This Sourcebook aims to support efforts by countries to strengthen the role of the education sector in the prevention of HIV/AIDS. It was developed in response to numerous requests for a simple forum to help countries share their practical experiences of designing and implementing programs that are targeted at school-age children. The Sourcebook seeks to fulfill this role by providing concise summaries of programs, using a standard format that highlights the main elements of the programs and makes it easier to compare the programs with each other. "A Sourcebook of HIV/AIDS Prevention Programs, 2nd Edition" documents 13 education based HIV/AIDS prevention programs targeting children and youth from 7 sub-Saharan African countries. It is sponsored by UNAIDS, UNICEF, UNESCO, UNFPA, DFID, USAID, Ireland Aid and the World Bank. The Sourcebook represents the work of many contributors, and was developed by the Partnership for Child Development with the World Bank.In recent years, the education sector has played an increasingly important role in the prevention of HIV. It is now recognized that a good education is one of the most effective ways of helping young people to avoid HIV infection.
Children of school age have the lowest prevalence of infection, and even in the worst affected countries, the vast majority of schoolchildren are uninfected. For these children, there is a window of hope, a chance of a life free from AIDS if they can acquire the knowledge, skills, and values to help them protect themselves as they grow up. Providing young people with the 'social vaccine' of education offers them a real chance of productive life (see "Education and HIV/AIDS: A Window of Hope" [World Bank 2002]).Not only is education important to the prevention of HIV, the prevention of HIV is essential for education. In the presence of HIV&AIDS, some countries are beginning to witness a reversal of their hard-won educational gains, while others are being further set back due to the dramatic impact of the infection. Affecting supply, demand, and quality of education, HIV is limiting the capacity of education sectors to achieve Education for All (EFA), and their countries to achieve their Millennium Development Goals (MDGs).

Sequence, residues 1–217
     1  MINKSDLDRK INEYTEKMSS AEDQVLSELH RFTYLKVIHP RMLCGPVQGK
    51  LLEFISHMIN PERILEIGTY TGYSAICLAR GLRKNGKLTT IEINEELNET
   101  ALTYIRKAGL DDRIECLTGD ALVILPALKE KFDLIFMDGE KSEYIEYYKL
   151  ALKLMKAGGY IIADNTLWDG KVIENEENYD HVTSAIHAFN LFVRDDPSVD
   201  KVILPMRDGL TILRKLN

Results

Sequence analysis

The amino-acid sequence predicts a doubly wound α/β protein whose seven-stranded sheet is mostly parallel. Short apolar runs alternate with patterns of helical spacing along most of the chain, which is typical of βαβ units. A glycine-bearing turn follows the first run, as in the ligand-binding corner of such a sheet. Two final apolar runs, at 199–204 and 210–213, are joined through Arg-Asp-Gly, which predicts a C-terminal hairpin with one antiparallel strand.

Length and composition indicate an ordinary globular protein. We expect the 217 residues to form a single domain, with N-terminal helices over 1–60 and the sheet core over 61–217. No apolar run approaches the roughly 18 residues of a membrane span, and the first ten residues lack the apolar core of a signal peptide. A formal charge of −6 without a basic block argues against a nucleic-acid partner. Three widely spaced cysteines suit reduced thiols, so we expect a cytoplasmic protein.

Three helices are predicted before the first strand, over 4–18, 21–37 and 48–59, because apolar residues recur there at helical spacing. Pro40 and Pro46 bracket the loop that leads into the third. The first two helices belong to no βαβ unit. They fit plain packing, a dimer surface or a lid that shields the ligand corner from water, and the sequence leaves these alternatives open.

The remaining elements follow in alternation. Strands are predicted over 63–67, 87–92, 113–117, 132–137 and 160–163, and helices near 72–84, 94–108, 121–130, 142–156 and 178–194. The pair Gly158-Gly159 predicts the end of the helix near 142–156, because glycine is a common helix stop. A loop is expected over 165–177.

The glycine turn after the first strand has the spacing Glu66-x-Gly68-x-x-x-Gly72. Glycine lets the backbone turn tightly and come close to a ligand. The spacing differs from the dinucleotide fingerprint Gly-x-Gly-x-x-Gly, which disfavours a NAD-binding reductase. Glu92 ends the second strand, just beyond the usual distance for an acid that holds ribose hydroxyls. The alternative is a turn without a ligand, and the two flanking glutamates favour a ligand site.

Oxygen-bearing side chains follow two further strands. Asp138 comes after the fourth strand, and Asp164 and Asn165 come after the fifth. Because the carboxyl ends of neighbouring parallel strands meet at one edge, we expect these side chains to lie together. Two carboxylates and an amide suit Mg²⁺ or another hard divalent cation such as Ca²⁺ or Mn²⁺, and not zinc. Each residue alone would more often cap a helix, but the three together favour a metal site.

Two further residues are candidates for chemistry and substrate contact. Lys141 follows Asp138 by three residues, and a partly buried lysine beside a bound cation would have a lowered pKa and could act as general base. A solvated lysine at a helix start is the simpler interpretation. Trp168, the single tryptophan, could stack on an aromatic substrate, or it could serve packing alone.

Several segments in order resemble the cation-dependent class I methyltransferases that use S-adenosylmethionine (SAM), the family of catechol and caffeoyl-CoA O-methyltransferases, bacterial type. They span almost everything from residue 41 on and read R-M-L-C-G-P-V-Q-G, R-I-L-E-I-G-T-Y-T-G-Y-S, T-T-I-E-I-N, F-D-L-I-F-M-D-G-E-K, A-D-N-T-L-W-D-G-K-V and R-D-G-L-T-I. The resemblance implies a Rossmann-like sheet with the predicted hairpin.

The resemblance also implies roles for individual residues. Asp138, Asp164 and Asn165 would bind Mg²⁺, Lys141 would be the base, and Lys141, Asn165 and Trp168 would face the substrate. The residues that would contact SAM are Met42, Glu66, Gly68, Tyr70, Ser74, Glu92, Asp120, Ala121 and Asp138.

Alongside appreciation of the intrinsic value of education itself in preventing HIV&AIDS, in recent years many different countries and governments have increasingly recognized the value of specific preventive HIV education in combating the pandemic.In 2004, in response to the education sector's demand for information, a first "Sourcebook of HIV&AIDS Prevention Programs" was produced, documenting education based, child and youth targeted HIV prevention programs from 7 sub-Saharan African countries. Most of the programs included in this first volume were of comparatively small scale and occurred within non-formal settings. Others concentrated on the production and dissemination of IEC materials. Few were led by Ministries of Education and none were positioned within the formal curriculum. Feedback received during the use and review of the first Sourcebook suggested that since the school system accesses large numbers of young people and offers a ready made infrastructure for the delivery of large scale, cost-effective education, it would be advantageous to document Ministry of Education led school based programs.Hence, a second phase of work was proposed with a focus on identifying and documenting school based approaches that are appropriate in cost and scope for implementation by the public sector.
The first volume of the Sourcebook included only African countries and since it was felt that valuable lessons had also been learned outside Africa this second Sourcebook also includes examples of programs from some non-African countries that would have direct relevance to Africa.